AS TO THE ADMISSIBILITY OF
Applications nos. 5603/03, 5622/03, 5625/03,
5655/03, 5672/03 and 5675/03
by İsmail DEMİR and Others
The European Court of Human Rights (Third Section), sitting on 30 March 2006 as a Chamber composed of:
Mr B.M. Zupančič, President,
Mr J. Hedigan,
Mr L. Caflisch,
Mr R. Türmen,
Mr C. Bîrsan,
Mrs A. Gyulumyan,
Mrs R. Jaeger, judges,
and Mr V. Berger, Section Registrar,
Having regard to the above applications lodged in 2002,
Having regard to the decision to apply Article 29 § 3 of the Convention and examine the admissibility and merits of the cases together,
Having regard to the observations submitted by the respondent Government and the observations in reply submitted by the applicants,
Having deliberated, decides as follows:
The applicants, İsmail Demir, Kadri Göçmen, Murtaza Gündoğan, Şükrü Cengiz, Cafer Ardıç and Nezir Boğan, are Turkish nationals. They are represented before the Court by Mr Hüseyin Aygün and Mr Özgür Ulaş Kaplan, lawyers practising in Tunceli.
A. The circumstances of the cases
The facts of the cases, as submitted by the parties, may be summarised as follows.
1. The applicants’ version of the facts
Until 1994 the applicants lived in Yakatarla, Şahverdi and Akören villages, in the districts of Ovacık and Hozat, in Tunceli province, where they own property.
In 1994, security forces forcibly evacuated Yakatarla, Şahverdi and Akören on account of disturbances in the region. They also destroyed the applicants’ property. The applicants and their families then moved to Tunceli, Mersin and Bursa where they currently live.
On 14 and 17 May 2002 the representatives of the applicants filed petitions, on behalf of the applicants, with the offices of the Tunceli Governor and the Hozat District Governor requesting permission to return to their villages and compensation for the damage they had suffered.
On 7 June 2002 the State Emergency Department of the Governor’s office in Tunceli sent the following reply to the applicants’ representatives:
The Şahverdi, Yakatarla and Akören villages are being considered under the ‘Return to the Village and Rehabilitation Project’. Thus, the residents of those villages can reside in Hanuşağı, Arslandoğmuş, Burnak, Kızık, Koyungölü, Söğütlü, Topuzlu, Ziyaret, Mollaaliler, Çakmaklı, Cevizlidere, Gözeler, Güneykonak, Havuzlu, Konaklar and Yoncalı villages in Ovacık district or Sarısaltık, Çaytaşı, Karaca, Tavuklar, Karabakır, Geçimli, İnköy, Beşelma, Dalören, Akpınar, Yenidoğdu, Kavuktepe and Türktaner villages in Hozat district.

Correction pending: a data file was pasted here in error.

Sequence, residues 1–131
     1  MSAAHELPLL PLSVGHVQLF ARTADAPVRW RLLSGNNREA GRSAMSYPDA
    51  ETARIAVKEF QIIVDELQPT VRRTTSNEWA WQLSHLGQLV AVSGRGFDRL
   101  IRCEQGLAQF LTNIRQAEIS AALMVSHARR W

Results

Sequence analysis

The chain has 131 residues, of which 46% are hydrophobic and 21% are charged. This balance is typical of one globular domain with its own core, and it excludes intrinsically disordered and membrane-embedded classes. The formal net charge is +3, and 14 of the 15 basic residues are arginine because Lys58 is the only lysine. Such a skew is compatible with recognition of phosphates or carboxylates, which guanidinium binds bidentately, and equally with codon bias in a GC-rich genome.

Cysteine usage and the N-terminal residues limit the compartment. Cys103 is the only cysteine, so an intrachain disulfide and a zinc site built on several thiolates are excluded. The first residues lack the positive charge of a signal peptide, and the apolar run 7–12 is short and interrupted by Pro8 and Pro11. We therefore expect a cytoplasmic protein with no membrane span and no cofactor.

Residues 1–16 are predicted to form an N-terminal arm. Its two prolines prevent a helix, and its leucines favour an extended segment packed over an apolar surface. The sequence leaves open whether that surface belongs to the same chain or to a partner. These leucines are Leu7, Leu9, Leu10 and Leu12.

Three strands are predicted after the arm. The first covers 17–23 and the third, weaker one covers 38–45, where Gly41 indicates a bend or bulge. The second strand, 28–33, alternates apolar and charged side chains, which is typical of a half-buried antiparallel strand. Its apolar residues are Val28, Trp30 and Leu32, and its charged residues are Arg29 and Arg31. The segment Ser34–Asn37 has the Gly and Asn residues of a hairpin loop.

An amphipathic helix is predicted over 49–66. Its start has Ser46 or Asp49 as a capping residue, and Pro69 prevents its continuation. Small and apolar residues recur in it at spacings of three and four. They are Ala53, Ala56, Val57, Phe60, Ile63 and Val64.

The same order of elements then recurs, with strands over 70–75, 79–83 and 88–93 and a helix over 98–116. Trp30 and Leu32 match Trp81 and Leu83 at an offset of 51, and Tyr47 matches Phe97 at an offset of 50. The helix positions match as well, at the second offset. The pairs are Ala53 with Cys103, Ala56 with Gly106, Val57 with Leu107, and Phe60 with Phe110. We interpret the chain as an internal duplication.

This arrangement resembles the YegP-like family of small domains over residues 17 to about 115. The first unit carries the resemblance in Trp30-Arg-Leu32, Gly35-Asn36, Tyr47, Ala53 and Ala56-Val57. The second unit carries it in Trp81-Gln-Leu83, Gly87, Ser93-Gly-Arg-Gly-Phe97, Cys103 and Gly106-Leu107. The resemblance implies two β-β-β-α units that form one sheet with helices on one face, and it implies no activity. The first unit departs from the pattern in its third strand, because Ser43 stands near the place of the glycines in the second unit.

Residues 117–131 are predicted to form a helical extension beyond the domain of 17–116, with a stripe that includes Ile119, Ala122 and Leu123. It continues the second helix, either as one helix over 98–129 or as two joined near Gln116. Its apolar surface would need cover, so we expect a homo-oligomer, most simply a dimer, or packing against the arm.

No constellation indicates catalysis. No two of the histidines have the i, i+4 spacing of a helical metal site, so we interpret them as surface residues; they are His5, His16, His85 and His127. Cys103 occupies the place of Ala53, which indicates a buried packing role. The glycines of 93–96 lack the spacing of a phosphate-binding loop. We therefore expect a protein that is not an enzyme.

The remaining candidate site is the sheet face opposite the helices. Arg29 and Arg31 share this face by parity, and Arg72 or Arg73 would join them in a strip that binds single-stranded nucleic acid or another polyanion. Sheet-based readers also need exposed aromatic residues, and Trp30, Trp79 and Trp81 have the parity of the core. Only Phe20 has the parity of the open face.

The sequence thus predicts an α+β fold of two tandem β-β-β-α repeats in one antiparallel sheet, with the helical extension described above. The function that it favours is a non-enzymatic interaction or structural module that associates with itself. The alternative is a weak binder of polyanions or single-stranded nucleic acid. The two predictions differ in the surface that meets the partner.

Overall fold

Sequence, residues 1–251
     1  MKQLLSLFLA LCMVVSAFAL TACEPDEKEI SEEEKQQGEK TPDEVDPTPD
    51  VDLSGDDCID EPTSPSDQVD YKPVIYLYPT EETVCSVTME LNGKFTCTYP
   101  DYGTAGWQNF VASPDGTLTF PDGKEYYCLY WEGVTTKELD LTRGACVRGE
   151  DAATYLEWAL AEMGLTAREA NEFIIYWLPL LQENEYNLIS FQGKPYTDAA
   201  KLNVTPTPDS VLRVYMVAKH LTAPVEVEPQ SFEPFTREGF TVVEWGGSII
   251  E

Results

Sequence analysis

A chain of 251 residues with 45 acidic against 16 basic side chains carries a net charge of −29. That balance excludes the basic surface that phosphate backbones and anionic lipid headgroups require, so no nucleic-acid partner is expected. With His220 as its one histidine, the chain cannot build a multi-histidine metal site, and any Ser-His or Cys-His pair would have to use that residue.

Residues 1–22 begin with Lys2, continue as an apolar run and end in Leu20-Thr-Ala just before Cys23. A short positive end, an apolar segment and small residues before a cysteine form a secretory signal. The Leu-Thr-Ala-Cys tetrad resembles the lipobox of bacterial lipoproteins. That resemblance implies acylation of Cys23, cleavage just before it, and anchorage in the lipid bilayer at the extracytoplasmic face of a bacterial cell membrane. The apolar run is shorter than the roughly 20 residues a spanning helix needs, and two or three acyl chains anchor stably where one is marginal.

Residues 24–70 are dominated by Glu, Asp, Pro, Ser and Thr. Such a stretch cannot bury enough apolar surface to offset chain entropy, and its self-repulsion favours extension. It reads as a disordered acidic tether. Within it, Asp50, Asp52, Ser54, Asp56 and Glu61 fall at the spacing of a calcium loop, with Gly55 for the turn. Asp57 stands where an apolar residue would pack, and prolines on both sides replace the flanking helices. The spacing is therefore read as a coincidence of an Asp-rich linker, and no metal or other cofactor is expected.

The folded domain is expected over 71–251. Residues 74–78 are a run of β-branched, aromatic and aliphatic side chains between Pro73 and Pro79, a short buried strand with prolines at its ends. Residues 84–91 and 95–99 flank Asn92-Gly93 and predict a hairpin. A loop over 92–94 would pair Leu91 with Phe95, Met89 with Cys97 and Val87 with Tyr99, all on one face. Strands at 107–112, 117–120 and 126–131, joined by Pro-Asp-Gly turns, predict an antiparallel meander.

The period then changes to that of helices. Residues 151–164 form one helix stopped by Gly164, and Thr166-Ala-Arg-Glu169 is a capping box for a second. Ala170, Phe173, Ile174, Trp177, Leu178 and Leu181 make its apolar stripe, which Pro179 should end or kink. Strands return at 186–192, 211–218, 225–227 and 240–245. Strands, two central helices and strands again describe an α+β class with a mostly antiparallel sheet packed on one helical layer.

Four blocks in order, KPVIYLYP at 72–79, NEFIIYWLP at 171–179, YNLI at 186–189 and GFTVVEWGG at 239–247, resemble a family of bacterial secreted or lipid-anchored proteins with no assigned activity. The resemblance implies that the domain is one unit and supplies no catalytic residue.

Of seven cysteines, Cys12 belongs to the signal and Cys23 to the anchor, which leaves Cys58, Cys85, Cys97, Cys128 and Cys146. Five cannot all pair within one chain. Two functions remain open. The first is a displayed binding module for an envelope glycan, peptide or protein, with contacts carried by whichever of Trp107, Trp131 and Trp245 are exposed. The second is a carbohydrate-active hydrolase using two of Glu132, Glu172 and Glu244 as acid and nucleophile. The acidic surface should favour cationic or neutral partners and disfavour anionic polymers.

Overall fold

Your petition containing requests of permission to return to village will be considered under the ‘Return to Village and Rehabilitation Project’.”
On 11 September 2002 the representative of the applicants lodged a petition with the Public Prosecutor’s office in Tunceli complaining about the dereliction of duty by the Tunceli Governor and the Hozat and Ovacık District Governors (görevi ihmal).
On 18 September 2002 the Tunceli Public Prosecutor issued a decision of non-jurisdiction and sent the case-file to the Public Prosecutor’s office at the Court of Cassation.
On 30 September 2002 the Public Prosecutor’s office at the Court of Cassation decided not to start the proceedings into the allegation of dereliction of duty against the Tunceli Governor (dilekçenin işleme konulmaması).
On 23 June 2003 the Tunceli Administrative Council decided not to conduct an investigation into the applicants’ allegations of dereliction of duty against the Hozat and Ovacık District Governors.
On 7 July 2003 the representatives filed an objection with the Malatya Regional Administrative Court against the decision of the Tunceli Administrative Council.